How many more days do schools have to call off classes? Less than you may think.


For many students, school was canceled today and staying home is becoming more familiar.

But how many days are allowed to be canceled in a school year? Six.

How many days have been called off in the last two weeks? Six.

Most schools now over the limit, like Lansing District Schools, and now have to make some decisions on what they do now.

“We’re looking at all possible options, we’ve still got a lot of winter to go yet, so we’re still considering what our alternatives are as far as adding more days on, or applying for a waiver from the state of Michigan,” said Deputy Superintendent for the Lansing District, Mark Coscarella.

Even though adding days to the end of the school year and shortening summer break might not be ideal for students or parents, officials say, it could be the safer route if the waiver isn’t approved.

“If that means that we have to close school and we have to add days, towards the end of the school year to make up for that instructional time, if they were not forgiven days, then we’d rather have that then have children in unsafe situations going to and from school,” said Deputy Superintendent for the Department of Education, Kyle Guerrant.

Districts do have the choice to apply for a waiver from the state to dismiss three extra days ontop of the six that are granted.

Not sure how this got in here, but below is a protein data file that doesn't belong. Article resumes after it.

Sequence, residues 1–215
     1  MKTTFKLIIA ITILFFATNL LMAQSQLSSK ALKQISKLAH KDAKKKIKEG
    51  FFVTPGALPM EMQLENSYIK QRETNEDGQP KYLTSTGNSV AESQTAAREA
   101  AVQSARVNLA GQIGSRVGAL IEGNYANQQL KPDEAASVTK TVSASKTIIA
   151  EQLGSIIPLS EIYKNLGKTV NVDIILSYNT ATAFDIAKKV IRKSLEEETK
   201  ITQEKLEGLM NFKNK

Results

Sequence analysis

Not every district will be approved and will only be approved under certain circumstances.

“Conditions or situations that are outside of the school’s control, whether it’s weather related, whether it’s infrastructure, like a power outage or a water main break, things like that,” said Guerrant.

If you’re a parent and don’t agree with the school’s choice to keep classes going, Coscarella says they understand.

“It’s always their choice, we certaintly want kids at school, but if they feel it’s not safe out, or if it’s too cold, that is a parents right to keep them home and we respect that,” said Coscarella.

Whether school is open or closed, making the call is not an easy choice for the district and they need to think rationally about who it will affect if they do or don’t.

“Making the decision to close the school for whatever the reason is, is a tough decision. You know we have kids that want to be in school, we have kids that rely on schools meals at school, so they don’t take that decision lightly,” said Guerrant.

Guerrant added that no schools have applied to the waiver yet but expect to see a spike in applications once the winter weather settles down.

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